Puzzling Hijacking Of Commercial Vessel In Gulf Of Oman Comes To An End
An armed group had boarded the ship in the Gulf of Oman and was reportedly trying to sail it to Iran.
British authorities say the curious apparent hijacking of the Panama-flagged asphalt/bitumen carrier M/V Asphalt Princess is over and that it and its crew are safe, after armed individuals that had boarded the vessel left. However, the identities of these boarders and their motives remain unclear. Some reports have indicated that they were directing the ship to Iran, which has a history of seizing foreign commercial vessels, and this comes after multiple countries also blamed the regime in Tehran for carrying out a fatal drone attack on a Liberia-flagged, Israeli-operated tanker Mercer Street last week.
The United Kingdom Maritime Trade Operations (UKMTO) organization, which is overseen by the U.K. Royal Navy, issued a notice on Aug. 4 stating that "Boarders have left the vessel. Vessel is safe. Incident complete." At the time of writing, none of the statements from UKMTO, which first issued an alert about what it eventually categorized as a "Potential Hijack - Non Piracy" yesterday, have identified the ship involved in this incident. However, Oman's Maritime Security Center did issue a formal statement regarding the situation yesterday that said that Asphalt Princess was the ship in question.
Details about the exact nature of the apparent hijacking, which occurred in the Gulf of Oman approximately 61 miles east of Fujairah in the United Arab Emirates and that you can read more about in our initial reporting here, remain murky. Various reports say that between eight and nine armed individuals boarded the Asphalt Princess and then instructed the crew to sail to Iran. Why those individuals subsequently left, as well as how they were able to do so, is unclear.
The U.S. military deployed unspecified forces to monitor the situation, according to the Financial Times newspaper in the United Kingdom, but there is no indication that they intervened directly. It's is also unclear what types of assets, such as aircraft or ships, might have carried out this surveillance. In 2019, the United States did establish the International Maritime Security Construct (IMSC) in the region to help safeguard international shipping in the region. The U.S. Navy's Nimitz class aircraft carrier USS Ronald Reagan, along with the Arleigh Burke class destroyer USS Mitscher, did notably help escort
Mercer Street as it headed to port after suffering the drone attack last week. Online flight tracking software had also shown an Omani Air Force C-295 maritime patrol plane orbiting the area during the incident involving the Asphalt Princess.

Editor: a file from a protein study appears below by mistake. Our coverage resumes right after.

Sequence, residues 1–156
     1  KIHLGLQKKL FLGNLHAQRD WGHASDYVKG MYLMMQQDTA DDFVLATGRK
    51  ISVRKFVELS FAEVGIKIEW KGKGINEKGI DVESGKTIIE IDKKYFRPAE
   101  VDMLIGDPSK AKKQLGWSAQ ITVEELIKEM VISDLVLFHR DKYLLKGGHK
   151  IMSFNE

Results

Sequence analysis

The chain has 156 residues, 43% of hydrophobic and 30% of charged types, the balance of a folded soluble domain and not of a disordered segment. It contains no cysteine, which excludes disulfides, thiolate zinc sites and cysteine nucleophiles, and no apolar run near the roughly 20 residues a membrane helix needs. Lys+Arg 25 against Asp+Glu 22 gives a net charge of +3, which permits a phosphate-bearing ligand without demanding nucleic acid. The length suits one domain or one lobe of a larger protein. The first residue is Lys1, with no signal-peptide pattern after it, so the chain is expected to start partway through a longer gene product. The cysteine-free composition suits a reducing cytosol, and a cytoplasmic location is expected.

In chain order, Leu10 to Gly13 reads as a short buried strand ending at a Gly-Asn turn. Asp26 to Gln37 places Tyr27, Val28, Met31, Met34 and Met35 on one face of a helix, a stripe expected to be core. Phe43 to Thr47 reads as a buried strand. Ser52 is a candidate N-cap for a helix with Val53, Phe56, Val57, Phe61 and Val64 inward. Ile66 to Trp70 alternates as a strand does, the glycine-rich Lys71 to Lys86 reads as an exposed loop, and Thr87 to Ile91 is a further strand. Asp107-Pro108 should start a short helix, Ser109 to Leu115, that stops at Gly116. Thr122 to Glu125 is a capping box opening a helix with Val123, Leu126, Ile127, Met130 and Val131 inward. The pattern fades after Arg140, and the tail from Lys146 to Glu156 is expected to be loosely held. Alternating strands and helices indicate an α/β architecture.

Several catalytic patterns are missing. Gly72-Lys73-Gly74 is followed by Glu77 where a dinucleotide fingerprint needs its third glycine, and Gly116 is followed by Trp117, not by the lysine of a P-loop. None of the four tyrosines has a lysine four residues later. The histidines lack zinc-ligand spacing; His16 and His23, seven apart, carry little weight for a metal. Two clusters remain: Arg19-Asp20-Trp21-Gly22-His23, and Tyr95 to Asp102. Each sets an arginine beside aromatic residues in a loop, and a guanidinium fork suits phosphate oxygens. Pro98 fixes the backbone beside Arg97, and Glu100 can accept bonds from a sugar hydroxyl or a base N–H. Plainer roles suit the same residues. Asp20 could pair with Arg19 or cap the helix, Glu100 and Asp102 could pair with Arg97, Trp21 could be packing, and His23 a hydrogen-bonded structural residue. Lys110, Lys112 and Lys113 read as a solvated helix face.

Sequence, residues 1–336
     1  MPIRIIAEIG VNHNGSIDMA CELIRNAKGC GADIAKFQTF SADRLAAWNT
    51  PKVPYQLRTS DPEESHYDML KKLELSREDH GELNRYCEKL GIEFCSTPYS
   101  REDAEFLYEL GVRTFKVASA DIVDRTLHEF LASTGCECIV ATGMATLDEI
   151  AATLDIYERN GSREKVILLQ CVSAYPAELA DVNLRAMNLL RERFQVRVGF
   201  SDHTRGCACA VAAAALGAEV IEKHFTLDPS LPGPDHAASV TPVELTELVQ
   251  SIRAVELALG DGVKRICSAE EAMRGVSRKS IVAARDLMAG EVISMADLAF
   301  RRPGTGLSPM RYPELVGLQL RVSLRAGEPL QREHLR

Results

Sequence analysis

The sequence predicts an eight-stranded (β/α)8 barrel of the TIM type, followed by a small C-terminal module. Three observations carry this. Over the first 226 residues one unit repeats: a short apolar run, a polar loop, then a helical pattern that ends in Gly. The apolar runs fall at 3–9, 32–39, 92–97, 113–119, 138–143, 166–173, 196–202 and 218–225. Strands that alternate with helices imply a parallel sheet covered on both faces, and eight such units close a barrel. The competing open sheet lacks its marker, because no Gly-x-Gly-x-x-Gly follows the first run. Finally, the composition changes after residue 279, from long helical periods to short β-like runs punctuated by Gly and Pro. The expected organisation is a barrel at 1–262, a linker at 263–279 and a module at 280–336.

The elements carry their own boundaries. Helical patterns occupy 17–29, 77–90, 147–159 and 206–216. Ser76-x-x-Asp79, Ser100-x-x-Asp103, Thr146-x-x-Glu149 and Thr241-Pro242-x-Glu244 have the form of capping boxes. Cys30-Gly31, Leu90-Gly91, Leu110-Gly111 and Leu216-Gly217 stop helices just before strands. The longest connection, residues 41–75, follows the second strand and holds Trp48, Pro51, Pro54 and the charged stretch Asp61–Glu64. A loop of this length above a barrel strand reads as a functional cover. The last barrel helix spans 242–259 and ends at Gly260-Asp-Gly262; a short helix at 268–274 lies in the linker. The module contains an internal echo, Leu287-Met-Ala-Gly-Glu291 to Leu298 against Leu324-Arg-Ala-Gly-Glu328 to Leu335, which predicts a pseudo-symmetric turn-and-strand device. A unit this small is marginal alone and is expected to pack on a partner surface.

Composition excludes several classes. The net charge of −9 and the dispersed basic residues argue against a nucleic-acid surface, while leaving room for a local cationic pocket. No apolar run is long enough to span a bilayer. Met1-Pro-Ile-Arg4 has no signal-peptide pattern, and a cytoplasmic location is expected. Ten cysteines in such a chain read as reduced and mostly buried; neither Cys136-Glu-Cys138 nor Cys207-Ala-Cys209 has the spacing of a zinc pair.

It's not clear if, whatever the intention of the armed individuals that stormed the ship, that Asphalt Princess ever made any significant movement toward Iran. The vessel's position and status, based on the signal from its Automatic Identification System (AIS) transponder, was not consistently visible on online ship-tracking websites. The ship appeared to be situated halfway between Iran, to the north, and Oman, to the south, last night, roughly where the incident was said to have occurred, the Financial Times also reported.
For their part, Iranian officials have strenuously denied any involvement whatsoever in this incident and even offered to help with the response yesterday. Still, the regime in Tehran does have a long history of boarding and seizing commercial vessels in the region, often as part of economic or diplomatic spats with other countries.
While authorities in Iran typically announce such operations, there are interesting parallels between this incident involving Asphalt Princess and Iran's seizure of the Panama-flagged tanker Riah, ostensibly over gasoline smuggling, in 2019. Iran's Islamic Revolutionary Guard Corps (IRGC) only announced it had taken control of that vessel four days after the fact. That also came two days after Iran's Foreign Ministry had claimed that the tanker had broken down and that its crew had requested assistance, after which it was towed into the country's waters for repairs.
Prime Tankers, LLC, based in the United Arab Emirates (UAE), was the operator of Riah at the time of its seizure and is also the current operator of the Asphalt Princess.
The attack on Mercer Street, which killed one British and one Romanian national, and that officials in multiple countries have now said Iran was responsible for, had prompted speculation about Iranian involvement in the Asphalt Princess incident from the very beginning. However, that attack last week very much appeared to be the latest in a string of tit-for-tat attacks between Israel and Iran on each others' commercial and military vessels, a shadow war dating back to at least 2019. There are no indications that Asphalt Princess has any links to Israel.
The apparent hijacking of the Asphalt Princess also came on the same day as the inauguration of Iran's new president, Ebrahim Raisi, a notable hardliner who has already taken strong stances against the United States on various issues. President Joe Biden's administration has been seeking, indirectly, to negotiate with Iran about the U.S. government's return to a controversial multi-national deal regarding Iran's nuclear ambitions. Those talks had already stalled out before Raisi took office and Biden, among others, has warned that the current diplomatic window on the United States' renewed participation in the Iran Deal may be closing.
The United States and the United Kingdom have both said that they are continuing to investigate the circumstances surrounding what happened to the Asphalt Princess, so more information may well emerge about this still curious incident.
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